Let’s face it, we writers don’t lack for resources – be it good, bad or otherwise.

So when I say that Shawn’s future posts on what it takes to write a compelling story/novel are probably some of the best I’ve read, I’m not exaggerating. And if you take his advice and buy/borrow the book ‘Story’ by Robert McKee, you’ll get even more out of Shawn’s articles.

I know I have, and the time spent reading both have revolutionized my entire approach to writing; as a panser as well as a planner.

How?

Before reading Shawn’s blog I began the first draft of every book knowing that in all likelihood, it would take as many as half a dozen or more re-writes before I would be satisfied with enough to actually begin to edit. Now, after reading Shawn’s articles, as well as McKee’s book on the structure of story, I begin every book, every act, every chapter and beat, with a better than good idea of exactly what needs to happen in order for me to bring the story forward to where it needs to be for the next chapter and the next and the next – until the story has a beginning, a middle and an end and can answer each of the six questions.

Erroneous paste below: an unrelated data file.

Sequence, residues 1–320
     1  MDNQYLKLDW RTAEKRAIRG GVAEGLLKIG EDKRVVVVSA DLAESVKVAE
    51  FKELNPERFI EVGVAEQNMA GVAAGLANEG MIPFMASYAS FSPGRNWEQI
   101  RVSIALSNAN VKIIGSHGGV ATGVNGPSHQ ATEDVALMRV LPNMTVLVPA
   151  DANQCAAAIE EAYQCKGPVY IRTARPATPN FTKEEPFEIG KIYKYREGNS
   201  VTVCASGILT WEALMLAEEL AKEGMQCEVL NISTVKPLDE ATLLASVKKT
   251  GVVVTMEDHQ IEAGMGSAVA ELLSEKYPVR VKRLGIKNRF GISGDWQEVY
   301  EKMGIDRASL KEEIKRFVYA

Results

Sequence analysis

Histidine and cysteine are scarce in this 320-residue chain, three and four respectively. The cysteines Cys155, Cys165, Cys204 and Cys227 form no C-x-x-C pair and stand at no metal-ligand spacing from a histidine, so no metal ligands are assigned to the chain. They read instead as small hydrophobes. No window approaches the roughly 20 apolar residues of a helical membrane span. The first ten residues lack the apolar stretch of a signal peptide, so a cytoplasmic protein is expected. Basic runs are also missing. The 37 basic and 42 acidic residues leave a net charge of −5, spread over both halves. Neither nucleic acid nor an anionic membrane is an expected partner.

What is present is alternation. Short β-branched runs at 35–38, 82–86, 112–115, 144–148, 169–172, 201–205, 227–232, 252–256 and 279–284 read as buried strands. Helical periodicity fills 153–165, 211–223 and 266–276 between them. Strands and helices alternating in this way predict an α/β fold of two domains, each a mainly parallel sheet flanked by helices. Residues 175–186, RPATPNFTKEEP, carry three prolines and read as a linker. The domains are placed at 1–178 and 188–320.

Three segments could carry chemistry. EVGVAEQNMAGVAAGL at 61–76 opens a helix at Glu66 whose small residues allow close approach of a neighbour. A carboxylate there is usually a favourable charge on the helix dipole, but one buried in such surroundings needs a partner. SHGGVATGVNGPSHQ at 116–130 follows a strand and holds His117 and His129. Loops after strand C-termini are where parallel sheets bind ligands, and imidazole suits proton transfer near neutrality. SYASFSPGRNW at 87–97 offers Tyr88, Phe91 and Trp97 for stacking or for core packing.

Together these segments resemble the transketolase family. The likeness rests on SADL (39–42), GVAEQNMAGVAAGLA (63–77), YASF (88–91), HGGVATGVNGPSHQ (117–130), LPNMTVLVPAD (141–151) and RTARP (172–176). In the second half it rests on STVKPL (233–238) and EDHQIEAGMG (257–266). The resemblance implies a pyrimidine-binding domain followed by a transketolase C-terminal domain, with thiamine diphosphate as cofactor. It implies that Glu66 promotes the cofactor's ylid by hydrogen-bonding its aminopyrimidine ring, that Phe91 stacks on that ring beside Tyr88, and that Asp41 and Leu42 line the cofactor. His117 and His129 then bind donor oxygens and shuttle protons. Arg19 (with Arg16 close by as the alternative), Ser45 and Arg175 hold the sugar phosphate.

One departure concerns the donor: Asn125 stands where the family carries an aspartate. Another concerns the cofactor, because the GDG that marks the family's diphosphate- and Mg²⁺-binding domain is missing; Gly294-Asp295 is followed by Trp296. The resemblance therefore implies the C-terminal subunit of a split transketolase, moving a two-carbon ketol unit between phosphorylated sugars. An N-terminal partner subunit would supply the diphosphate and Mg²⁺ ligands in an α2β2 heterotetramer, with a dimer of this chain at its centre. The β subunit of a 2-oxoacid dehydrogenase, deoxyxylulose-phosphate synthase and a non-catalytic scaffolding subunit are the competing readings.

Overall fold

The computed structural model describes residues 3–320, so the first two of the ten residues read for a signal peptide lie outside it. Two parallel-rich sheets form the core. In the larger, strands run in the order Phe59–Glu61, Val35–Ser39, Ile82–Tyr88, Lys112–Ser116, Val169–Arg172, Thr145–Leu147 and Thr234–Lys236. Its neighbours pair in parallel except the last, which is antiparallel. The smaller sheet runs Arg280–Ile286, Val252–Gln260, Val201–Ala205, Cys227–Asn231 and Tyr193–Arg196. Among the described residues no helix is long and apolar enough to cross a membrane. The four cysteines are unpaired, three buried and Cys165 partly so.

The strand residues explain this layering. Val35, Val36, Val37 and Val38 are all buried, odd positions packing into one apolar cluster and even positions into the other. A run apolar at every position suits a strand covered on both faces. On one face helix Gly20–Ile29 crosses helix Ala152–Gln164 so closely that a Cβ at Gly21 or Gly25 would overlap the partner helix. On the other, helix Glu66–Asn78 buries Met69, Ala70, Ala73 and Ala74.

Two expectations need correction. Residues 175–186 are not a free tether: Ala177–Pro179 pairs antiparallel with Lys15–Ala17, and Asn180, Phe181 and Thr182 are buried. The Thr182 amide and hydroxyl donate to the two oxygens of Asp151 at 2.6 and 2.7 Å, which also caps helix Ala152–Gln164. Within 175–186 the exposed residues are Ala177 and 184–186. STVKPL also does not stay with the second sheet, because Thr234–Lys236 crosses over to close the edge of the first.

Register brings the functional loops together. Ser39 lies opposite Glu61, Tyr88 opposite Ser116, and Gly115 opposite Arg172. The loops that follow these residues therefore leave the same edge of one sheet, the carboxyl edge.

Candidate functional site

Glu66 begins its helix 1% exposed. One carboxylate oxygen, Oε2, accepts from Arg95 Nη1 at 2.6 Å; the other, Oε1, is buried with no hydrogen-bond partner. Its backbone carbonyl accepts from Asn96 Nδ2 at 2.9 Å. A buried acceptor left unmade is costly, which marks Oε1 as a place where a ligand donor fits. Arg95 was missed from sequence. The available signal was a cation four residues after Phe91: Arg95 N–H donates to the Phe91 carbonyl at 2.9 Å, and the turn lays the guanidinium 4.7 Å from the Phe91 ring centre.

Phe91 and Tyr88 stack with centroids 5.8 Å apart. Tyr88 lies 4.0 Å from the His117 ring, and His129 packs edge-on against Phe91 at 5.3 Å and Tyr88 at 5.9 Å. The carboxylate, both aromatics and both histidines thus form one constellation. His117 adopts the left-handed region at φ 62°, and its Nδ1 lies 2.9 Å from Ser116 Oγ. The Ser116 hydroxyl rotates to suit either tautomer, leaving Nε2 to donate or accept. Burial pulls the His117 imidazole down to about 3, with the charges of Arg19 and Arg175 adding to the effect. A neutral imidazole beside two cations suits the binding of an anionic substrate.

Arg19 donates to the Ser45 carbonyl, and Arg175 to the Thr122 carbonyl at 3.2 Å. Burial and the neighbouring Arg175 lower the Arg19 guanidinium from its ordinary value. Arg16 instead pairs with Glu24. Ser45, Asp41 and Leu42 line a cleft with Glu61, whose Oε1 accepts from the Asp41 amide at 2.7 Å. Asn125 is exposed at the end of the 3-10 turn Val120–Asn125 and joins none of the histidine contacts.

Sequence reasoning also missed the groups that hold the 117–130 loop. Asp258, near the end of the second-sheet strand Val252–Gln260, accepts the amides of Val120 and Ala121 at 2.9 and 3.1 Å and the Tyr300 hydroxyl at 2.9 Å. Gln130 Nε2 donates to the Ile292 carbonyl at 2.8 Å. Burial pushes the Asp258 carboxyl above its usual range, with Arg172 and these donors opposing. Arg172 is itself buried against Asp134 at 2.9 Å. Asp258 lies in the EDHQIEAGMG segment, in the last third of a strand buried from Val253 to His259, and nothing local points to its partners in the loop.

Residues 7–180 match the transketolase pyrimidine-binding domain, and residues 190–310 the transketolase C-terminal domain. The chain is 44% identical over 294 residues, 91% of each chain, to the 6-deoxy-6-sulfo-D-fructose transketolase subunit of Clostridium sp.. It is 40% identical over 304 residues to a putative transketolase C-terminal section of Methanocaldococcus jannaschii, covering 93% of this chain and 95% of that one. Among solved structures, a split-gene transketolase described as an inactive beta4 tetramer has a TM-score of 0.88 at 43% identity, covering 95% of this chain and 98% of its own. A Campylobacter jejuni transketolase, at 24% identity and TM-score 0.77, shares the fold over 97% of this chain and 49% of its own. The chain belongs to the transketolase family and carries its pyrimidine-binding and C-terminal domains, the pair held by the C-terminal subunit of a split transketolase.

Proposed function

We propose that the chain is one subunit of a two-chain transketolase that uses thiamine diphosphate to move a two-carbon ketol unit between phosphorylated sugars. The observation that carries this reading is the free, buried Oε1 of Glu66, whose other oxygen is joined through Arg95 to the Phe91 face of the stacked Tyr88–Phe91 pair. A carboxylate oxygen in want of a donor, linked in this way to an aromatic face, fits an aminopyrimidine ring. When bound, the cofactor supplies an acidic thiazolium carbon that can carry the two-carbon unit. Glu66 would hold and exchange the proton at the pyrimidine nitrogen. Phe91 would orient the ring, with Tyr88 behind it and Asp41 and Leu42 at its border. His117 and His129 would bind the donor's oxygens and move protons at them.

I’ve even begun to see if I can identify the ‘Global Story’ units (the inciting incident, the complication, the climax, the crisis and the resolution), in movies and other writer’s works).

And here we thought writing was all creative juices and magical fairy dust, right? Who knew writing was going to be such a technical endeavor?  (And this coming from the person who invariably spends hours trying to figure out how to put something together, before finally reading the assembly instructions.)

Let’s face it, time is a commodity most authors don’t have a lot of. I certainly don’t. Therefore it’s important we try and make sure the articles and books we do invest in, are worth the time and money spent. In my not so humble opinion, Shawn Coyne’s ‘The Story Grid’, and Robert McCree’s ‘Story’, are two resources I’m confident will meet that criteria. They did for me.